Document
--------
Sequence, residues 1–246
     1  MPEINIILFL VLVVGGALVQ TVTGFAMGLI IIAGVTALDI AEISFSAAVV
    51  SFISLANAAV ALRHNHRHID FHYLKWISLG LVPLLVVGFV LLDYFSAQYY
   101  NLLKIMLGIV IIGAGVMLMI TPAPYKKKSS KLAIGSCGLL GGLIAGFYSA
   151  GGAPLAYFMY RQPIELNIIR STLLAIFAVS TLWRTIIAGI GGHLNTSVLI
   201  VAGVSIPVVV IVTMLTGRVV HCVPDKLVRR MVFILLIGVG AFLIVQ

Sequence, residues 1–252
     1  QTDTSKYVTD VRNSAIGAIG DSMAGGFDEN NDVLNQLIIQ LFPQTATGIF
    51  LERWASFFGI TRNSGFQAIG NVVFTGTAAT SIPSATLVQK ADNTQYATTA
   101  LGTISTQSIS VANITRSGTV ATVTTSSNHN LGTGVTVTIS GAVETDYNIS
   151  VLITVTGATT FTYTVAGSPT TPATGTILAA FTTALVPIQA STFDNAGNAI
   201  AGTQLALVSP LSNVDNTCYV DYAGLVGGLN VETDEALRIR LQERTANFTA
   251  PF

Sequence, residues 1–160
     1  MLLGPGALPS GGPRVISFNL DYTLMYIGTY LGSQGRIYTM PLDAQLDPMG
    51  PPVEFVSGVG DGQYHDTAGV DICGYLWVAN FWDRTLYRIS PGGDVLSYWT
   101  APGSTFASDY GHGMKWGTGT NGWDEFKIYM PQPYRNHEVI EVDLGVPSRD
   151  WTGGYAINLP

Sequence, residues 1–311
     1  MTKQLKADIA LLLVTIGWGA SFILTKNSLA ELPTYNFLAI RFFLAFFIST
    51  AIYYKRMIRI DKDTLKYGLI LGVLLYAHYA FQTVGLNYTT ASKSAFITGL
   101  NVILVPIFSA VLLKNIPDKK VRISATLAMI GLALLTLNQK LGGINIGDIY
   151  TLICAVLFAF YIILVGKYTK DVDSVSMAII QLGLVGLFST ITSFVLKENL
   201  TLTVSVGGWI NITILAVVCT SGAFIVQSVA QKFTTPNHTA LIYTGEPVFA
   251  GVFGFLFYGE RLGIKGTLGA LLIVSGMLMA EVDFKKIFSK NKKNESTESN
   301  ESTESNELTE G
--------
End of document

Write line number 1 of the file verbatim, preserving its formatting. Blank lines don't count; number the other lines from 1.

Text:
Sequence, residues 1–246